• Binary operators are infix because they appear in between the two targets, for example `1 + 1`.
• Ternary operators operate on three targets. In Swift, the conditional operator is the only Ternary operator, for example `a ? b : c`.

You should choose between these based on the number of targets of your operation. You want to add two arrays (i.e. 2 targets), so you will define a binary operator.

### Assigning Precedence and Associativity

Because operators are defined globally, you need to choose the associativity and precedence of your custom operator with care.

This can be tricky, so a good rule of thumb is to find a comparable standard operator defined in the Swift language reference and use similar semantics. For example, to define vector addition, it makes sense to use the same associativity and precedence as the `+` operator.

Back in your playground, enter the following to define your custom operator. You’ll probably want to copy and paste the ⊕ for simplicity.

```infix operator ⊕ { associativity left precedence 140 } // 1
func ⊕(left: [Int], right: [Int]) -> [Int] { // 2
var sum = [Int](count: left.count, repeatedValue: 0)
assert(left.count == right.count, "vector of same length only")
for (key, v) in enumerate(left) {
sum[key] = left[key] + right[key]
}
return sum
}
```

This code is similar to your earlier override, aside from section 1, where you do all of the following:

• Define an infix/binary operator that operates on two targets and is placed in between those targets.
• Name the operator ⊕.
• Set associativity to left, indicating that operands of equal precedence will use left associativity to determine order of operation.
• Set the precedence to 140, which is the same weight as `Int` addition, as found in the Swift language reference.

The code in section 2 is similar to what you’ve seen so far – it adds the two arrays item by item, based on their order in the arrays. Test the new operator by adding the following to your playground:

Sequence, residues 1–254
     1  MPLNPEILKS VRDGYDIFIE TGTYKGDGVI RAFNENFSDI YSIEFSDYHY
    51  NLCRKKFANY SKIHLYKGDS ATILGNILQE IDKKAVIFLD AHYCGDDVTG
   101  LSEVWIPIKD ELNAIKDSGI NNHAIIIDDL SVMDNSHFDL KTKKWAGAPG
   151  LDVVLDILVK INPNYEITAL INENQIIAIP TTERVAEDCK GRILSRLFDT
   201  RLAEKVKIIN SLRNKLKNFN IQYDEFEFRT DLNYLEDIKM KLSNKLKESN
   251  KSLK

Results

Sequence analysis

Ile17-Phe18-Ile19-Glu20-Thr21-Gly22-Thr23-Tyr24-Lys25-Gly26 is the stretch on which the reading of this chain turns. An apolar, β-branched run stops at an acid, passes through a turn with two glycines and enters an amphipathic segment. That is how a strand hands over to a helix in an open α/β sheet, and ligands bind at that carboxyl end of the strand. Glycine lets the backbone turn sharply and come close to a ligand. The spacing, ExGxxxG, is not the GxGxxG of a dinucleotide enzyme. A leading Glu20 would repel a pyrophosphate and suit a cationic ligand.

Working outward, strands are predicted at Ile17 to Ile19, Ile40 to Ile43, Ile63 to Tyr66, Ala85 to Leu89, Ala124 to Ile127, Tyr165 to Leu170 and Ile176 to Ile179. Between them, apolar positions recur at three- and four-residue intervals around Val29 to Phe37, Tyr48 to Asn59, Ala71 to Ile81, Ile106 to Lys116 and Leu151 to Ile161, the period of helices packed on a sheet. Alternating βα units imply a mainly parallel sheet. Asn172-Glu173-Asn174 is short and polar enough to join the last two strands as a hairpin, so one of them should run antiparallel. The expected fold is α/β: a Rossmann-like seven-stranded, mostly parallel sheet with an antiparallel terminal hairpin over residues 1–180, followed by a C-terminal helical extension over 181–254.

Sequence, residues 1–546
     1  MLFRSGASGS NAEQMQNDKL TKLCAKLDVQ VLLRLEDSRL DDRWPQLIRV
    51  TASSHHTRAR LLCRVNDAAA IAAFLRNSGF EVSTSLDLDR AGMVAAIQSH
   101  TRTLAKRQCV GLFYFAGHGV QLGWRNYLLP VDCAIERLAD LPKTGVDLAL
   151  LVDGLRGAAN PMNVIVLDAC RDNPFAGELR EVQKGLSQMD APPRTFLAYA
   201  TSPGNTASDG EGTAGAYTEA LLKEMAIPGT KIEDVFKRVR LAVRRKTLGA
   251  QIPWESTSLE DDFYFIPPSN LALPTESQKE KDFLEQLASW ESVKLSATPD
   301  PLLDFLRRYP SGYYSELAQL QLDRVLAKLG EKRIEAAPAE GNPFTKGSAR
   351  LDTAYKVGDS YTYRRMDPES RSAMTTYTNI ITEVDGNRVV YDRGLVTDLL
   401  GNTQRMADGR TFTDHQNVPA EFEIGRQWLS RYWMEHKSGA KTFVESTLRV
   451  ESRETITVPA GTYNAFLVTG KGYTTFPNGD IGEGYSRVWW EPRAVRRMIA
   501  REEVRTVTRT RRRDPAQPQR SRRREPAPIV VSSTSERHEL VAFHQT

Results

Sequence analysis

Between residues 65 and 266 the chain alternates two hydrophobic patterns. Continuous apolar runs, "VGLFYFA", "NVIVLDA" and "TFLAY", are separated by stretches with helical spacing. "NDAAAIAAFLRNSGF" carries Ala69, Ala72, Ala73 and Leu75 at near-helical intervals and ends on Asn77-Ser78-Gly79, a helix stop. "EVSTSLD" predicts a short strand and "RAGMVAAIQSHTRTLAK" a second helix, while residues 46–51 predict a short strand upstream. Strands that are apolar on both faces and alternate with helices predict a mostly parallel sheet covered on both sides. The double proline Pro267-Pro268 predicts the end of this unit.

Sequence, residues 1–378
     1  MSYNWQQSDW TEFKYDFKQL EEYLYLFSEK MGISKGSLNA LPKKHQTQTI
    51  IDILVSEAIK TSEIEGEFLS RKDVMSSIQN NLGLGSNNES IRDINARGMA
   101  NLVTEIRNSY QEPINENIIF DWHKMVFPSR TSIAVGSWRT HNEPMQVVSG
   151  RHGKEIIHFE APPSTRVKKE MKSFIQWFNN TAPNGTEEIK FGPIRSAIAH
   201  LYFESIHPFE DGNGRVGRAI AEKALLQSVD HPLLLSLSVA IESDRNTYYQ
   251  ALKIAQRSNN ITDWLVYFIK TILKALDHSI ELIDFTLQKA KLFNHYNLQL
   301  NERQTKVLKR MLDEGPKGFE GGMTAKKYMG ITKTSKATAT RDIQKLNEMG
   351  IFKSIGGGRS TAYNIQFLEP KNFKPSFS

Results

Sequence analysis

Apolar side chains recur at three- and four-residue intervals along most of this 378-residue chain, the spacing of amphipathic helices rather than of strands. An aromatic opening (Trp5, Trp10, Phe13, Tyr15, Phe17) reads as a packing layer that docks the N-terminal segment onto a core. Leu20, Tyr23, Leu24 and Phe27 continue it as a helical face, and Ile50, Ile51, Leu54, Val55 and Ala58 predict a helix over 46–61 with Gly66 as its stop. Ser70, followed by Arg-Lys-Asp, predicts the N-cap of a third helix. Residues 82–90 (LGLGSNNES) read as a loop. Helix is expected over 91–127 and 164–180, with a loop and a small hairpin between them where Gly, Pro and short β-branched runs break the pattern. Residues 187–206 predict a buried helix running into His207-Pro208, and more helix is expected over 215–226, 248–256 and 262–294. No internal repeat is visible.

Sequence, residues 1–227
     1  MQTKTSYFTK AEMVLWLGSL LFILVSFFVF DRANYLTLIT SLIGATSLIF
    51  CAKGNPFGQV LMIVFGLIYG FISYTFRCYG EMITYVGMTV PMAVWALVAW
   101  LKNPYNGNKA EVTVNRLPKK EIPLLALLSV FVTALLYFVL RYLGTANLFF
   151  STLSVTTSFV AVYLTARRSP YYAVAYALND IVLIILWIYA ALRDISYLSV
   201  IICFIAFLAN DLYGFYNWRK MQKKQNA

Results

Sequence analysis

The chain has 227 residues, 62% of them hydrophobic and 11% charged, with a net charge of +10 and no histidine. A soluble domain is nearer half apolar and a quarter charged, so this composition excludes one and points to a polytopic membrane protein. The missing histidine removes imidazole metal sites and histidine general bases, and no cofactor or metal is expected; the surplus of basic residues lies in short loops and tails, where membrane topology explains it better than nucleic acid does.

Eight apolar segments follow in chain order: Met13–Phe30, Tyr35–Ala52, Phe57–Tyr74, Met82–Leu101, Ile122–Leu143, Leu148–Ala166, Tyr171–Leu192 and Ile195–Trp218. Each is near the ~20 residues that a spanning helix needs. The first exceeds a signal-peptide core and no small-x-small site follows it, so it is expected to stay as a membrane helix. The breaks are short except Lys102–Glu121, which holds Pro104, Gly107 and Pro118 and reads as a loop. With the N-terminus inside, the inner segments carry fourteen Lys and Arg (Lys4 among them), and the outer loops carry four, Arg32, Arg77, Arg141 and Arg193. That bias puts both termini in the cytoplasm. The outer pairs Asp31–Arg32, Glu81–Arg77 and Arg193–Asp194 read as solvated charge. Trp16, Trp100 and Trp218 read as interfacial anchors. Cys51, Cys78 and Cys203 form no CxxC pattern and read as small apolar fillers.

```var sumArray = [1, 2, 3] ⊕ [1, 2, 3]
```

You’ll see the same results as the earlier function and override, but this time, you have different operators for different semantics.

### Bonus Round!

Now that you have a good idea of how to create a custom operator, it’s time to challenge yourself. You’ve already created a ⊕ operator to perform vector addition, so use that knowledge to create a ⊖ operator for subtracting `Int` arrays in a similar manner. Give it your best shot, and check your solution against the answer below.

Solution Inside: Solution SelectShow

### Remember Related Operators!

If you define a new operator, don’t forget to define any related operators.

For example, the addition assignment operator (`+=`) combines addition and assignment into a single operation. Because your new operator is semantically the same as addition, it’s a good idea to define the assignment operator for it, as well.

```infix operator  ⊕= { associativity left precedence 140 } // 1
func ⊕=(inout left: [Int], right: [Int]) { // 2
left = left ⊕ right
}
```

Line 1 is exactly the same declaration as for the ⊕ operator, except it uses the compound operator symbol.

The trick is on line 2, where you mark the compound assignment operator’s left input parameter as `inout`, which means the parameter’s value will be modified directly from within the operator function. As a result, the operator doesn’t return a value—it simply modifies the input.